In New England and various other parts of the country, they go to the Necessary Room. Many of the older restaurants, stores and snack shops in those regions have just one Necessary Room. For someone not used to that, it can get embarrassing, confusing and downright painful if you have to figure it all out while your bladder is ready to bust! Using bi-sexual toilet facilities can get complicated. In addition, what about that term?
Today, Bi-Sexual has a connotation that generally refers to one's sexual preferences. Yet it wasn't that long ago that it just meant a place used by or available to both men and women. For example, almost every Hair Salon that accepted male and female customers had the term Bi-Sexual in their front window during the 1970s. You are unlikely to see that today!
In the South and Southwest, they use the universally accepted term of Rest Room. Here is another case where smaller establishments often have just one Rest Room. Those that have two often put one of those universal symbols on the door. I hate those. Sometimes parts of the symbols are worn off or heavily painted over. Then you're supposed to figure out which one to enter. The newer symbols are even more annoying. They are almost asexual and it's hard to know which door to choose unless there is also some text to give you a clue. On the other hand, just can just wait and follow someone else in. If they're wrong, you aren't the only one who gets to look stupid.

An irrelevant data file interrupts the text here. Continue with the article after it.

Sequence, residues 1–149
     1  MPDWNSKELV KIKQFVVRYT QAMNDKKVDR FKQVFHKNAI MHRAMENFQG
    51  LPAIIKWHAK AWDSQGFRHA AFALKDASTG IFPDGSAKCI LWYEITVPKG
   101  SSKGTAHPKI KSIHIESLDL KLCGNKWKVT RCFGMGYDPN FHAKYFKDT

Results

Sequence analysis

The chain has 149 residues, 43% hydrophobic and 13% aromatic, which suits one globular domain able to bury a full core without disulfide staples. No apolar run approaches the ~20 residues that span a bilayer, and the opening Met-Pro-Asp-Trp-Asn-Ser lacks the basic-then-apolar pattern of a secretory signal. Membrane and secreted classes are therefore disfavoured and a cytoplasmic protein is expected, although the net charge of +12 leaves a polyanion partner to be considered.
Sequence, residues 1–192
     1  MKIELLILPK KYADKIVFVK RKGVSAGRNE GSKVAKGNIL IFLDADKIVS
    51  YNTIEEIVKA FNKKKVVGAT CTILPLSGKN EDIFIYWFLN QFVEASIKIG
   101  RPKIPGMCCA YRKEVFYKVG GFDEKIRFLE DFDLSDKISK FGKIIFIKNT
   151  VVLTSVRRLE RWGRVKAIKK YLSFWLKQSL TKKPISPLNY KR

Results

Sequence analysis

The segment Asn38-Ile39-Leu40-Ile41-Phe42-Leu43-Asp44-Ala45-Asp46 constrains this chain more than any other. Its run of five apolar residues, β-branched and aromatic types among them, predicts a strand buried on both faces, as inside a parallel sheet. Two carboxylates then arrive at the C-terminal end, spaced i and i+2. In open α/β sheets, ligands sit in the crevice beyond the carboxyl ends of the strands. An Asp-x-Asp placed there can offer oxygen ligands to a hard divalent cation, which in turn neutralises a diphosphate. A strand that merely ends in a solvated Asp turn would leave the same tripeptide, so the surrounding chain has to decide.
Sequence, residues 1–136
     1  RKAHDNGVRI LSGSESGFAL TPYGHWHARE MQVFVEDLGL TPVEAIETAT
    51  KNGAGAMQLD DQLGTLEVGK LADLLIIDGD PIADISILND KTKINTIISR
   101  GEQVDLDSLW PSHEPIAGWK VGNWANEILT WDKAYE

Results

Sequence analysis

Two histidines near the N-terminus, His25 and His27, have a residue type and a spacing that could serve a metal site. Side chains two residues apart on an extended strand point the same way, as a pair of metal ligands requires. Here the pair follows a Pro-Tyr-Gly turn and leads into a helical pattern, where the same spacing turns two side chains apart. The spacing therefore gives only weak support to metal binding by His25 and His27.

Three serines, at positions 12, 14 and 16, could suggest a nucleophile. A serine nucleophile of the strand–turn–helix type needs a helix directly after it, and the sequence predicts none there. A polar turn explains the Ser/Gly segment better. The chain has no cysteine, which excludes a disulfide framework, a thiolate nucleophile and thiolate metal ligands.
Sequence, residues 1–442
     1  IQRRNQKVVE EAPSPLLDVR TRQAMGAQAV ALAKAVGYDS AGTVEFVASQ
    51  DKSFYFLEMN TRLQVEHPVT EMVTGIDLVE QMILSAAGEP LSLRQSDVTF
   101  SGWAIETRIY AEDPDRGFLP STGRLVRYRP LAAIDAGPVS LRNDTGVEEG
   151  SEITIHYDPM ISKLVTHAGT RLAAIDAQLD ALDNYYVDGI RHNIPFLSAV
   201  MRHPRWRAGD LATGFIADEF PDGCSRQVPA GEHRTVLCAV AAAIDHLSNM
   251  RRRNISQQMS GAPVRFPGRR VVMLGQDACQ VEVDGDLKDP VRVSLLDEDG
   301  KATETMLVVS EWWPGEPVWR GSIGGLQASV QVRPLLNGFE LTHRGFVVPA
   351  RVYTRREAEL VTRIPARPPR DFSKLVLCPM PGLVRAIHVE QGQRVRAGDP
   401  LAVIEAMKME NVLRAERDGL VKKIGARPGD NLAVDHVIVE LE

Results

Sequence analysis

In the Midwest and Northwest they get specific by saying, they need to go to the Men's Room or Ladies Room. That is what I like! Keep it simply and life gets easier. Unless you have to go to the Men's or Women's Lounge. Years ago, many simply referred to it as the Lounge. Rest Rooms in better establishments often had one or more rooms that made up their facilities. Men had a sitting room that allowed them place to sit, smoke, adjust their tie or get a quick show shine via attendant or coin operated machine. Women also had a sitting room with well-lit mirrors and make up chairs so they could powder their noses in comfort. However, the word Lounge became confusing.
Better hotels and restaurants used to like to call their Bar a Lounge. You would see three or four signs that read Men's Lounge, Women's or Ladies Lounge, Lounge, Upstairs Lounge, Downstairs Lounge, etc. Finally, they just started giving their Bars colorful names to avoid the issue. It might be the Watering Hole in a western-themed hotel or the Rogues Roost in a waterfront establishment where a pirate theme might be in use. However, much to the dismay of any front desk hotel clerk with class, people have always and still often do ask where they can find The Bar.